HP faces uphill battle with newly minted PC unit
Hewlett-Packard Co's (HPQ.N) Chief Executive Officer Meg Whitman appeared to be banking on growth markets like 3D printing and a trickle back in PC sales when she announced on Monday a spin-off for the company's computer and printing business. But some on Wall Street are skeptical.
Investors and analysts generally gave a thumbs up on the move to separate HP's computer and printing business from its corporate hardware and services operations, sending its shares up almost 5 percent. Yet some questioned the move, expressing doubt over whether the newly christened "HP Inc" can break out of what appears to be a terminal slump in desktop computing.
"HP Inc will be a fairly good cash-generating machine but growth will certainly be a struggle," said Brian Fox, a portfolio manager at Standard Life Investments. "There's not a whole lot they can do to improve that growth profile."
The split does creates a company with strong cash flows, a high dividend yield and a major market position. At the same time, though, it may raise operating costs over the longer term, and together with abortive talks to merge with EMC Corp (EMC.N), it could reflect HP's inability to grow profits organically, according to Bernstein's Toni Sacconaghi.
Global shipments of PCs are in for "slow but consistent" growth over the next few years, forecasts tech research firm Gartner, as they recover from three years of declines caused by a surge of tablets and smartphones. But they are still not expected to equal their 2011 peak until 2018 at the earliest.
Moreover, that growth is not expected to come from HP's mainstay of desktops and laptops, but from a new breed of mobile computers such as Apple's MacBook Air, Google-powered Chromebooks and Microsoft's Surface Pro.
HP is a massive force in PCs and printing, which will account for about half the company's $112 billion revenue this fiscal year. But HP Inc "will likely be pitched as the slow/no growth, high cash generating business," Sacconaghi said in a research report. He estimated that HP Inc's revenue would decline at about 1 percent annually over the next few years.
"It is not clear if the separation would necessarily attract new classes of investors or 'unlock' value in the same way that other spin-offs do," Sacconaghi said.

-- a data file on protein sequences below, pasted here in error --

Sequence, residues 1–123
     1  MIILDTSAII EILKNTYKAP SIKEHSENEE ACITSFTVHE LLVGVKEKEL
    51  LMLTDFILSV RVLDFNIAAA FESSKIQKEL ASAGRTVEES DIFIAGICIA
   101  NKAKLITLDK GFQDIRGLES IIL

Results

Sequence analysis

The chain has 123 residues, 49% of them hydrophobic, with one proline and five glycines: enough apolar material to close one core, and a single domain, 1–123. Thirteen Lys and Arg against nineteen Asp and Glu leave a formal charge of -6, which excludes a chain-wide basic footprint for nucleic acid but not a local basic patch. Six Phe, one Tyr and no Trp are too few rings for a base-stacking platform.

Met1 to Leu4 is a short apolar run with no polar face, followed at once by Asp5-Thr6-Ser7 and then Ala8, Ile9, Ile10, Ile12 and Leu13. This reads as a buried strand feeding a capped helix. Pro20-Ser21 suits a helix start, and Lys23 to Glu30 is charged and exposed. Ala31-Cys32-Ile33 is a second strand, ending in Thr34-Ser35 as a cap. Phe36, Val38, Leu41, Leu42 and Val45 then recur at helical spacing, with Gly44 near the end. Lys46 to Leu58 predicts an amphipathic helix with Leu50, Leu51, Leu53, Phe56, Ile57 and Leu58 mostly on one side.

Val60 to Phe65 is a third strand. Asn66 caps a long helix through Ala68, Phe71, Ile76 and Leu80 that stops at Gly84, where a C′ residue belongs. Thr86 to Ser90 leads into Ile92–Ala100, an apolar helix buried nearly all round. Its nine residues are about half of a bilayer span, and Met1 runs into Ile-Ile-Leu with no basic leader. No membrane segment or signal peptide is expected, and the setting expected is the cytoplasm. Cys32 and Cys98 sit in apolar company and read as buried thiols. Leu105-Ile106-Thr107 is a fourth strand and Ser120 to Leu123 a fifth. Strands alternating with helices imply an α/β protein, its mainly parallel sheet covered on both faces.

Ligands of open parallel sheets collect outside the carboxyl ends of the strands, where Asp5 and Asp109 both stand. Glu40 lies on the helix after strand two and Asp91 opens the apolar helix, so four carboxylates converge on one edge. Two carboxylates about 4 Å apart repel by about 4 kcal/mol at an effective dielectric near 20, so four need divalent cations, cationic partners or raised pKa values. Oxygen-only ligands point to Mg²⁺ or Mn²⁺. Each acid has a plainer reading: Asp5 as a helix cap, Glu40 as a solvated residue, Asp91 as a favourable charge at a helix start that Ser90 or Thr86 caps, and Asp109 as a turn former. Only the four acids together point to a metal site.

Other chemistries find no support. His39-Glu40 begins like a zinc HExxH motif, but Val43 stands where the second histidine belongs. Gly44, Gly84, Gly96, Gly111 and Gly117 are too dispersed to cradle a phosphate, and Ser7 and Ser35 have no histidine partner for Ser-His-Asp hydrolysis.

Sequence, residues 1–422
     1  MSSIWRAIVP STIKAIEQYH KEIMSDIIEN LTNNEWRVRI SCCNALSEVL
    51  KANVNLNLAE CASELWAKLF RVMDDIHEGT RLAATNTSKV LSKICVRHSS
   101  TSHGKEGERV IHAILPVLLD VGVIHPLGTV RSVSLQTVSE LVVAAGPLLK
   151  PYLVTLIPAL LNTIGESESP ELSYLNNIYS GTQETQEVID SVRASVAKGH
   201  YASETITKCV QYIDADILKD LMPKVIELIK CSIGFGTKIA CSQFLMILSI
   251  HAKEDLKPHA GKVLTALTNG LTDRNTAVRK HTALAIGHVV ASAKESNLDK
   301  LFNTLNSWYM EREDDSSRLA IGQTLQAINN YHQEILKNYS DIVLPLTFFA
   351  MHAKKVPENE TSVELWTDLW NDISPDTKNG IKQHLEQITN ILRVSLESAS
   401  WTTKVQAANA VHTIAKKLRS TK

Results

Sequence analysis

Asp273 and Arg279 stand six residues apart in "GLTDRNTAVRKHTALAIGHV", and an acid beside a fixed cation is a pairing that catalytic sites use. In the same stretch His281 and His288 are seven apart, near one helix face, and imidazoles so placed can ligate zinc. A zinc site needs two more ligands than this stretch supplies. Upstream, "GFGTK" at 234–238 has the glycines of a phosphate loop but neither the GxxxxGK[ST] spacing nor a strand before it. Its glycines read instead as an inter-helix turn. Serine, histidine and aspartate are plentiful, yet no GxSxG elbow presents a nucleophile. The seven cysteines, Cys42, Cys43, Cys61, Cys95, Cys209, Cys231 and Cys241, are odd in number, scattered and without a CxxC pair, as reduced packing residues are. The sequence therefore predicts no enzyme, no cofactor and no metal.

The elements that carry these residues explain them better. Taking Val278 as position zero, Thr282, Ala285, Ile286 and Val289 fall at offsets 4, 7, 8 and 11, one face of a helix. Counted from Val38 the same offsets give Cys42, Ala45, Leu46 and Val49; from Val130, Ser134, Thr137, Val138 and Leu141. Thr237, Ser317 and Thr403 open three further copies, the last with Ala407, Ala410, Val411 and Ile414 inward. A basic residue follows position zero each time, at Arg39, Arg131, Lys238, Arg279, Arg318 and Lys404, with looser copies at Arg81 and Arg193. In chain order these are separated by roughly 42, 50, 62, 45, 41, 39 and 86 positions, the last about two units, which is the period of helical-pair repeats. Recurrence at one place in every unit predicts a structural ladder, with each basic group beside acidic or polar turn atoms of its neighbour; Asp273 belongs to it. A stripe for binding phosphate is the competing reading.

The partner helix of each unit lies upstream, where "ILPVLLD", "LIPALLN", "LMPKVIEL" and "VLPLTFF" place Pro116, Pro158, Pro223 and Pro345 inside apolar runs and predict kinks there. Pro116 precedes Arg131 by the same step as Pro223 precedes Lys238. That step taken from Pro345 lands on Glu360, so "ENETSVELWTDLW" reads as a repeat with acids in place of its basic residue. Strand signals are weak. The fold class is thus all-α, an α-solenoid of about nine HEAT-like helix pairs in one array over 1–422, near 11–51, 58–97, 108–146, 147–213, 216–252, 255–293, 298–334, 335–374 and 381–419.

HP shares are now up 78 percent over the last 12 months, compared to a 17 percent increase in the S&P 500. But the company is still one of the cheapest tech stocks, trading at around nine times earnings expected over the next 12 months, compared to an average close to 12 for large tech firms.
HP has struggled to adjust to the post-PC computing era, making a few false starts with early tablets, and surrendered its crown as the world's No. 1 PC maker to Lenovo (0992.HK).
The new company may need to do some mergers and acquisitions to change that, some analysts suggested, although it is not clear which rivals HP Inc might team up with.
Some say HP is moving in the right direction.
"They've had good numbers for the past several quarters both in the consumer and the enterprise side of the PC business, including the Windows tablet form factor," said Neil MacDonald, an analyst at Gartner. "HP has actually gained some market share back because of innovation and design."
Whitman emphasized on Monday that HP Inc will not focus on the consumer devices market dominated by Apple and Android devices, and instead will look to play to its strengths, such as with 3D printing.
"There's lots of innovation (going on) but often not in the area that people expect," Whitman said in an interview. "It may show itself in unexpected ways."
"There's still lots of opportunities in other adjacencies, where we don't chase the market leaders," she added.
Having said that, PC growth will not be Whitman's most pressing concern. She is slated to be CEO of the other company, to be called Hewlett-Packard Enterprise, focusing on tech infrastructure, software and services.
There is also the question of the additional costs the PC unit will have to bear. Analysts noted on Monday that when HP rejected the idea of splitting into two companies in 2011, it estimated such a move would cancel out $1 billion in annual savings, chiefly from bulk-buying components, and also mean $1.5 billion in one-time startup costs.
The split also means HP's salesforce can no longer cross-sell products to large customers, and could create some confusion.
"If the decision by HP isn't well communicated or is not well executed, the negative share shifts could be material," said Barclays analyst Ben Reitzes.
HP does have experience in splitting off old businesses. In 1999 it spun off its non-computing operations under the name Agilent, with an initial public offering that raised $2.1 billion.
MacDonald at Gartner said the PC and printing unit can be successful if HP follows the template for a declining printing market.
"HP has gained share and improved margins in a market where the overall number of pages printed has declined," he said. "HP has shown it can handle a market in decline. That's the model that would need to be applied to the traditional Windows PC market."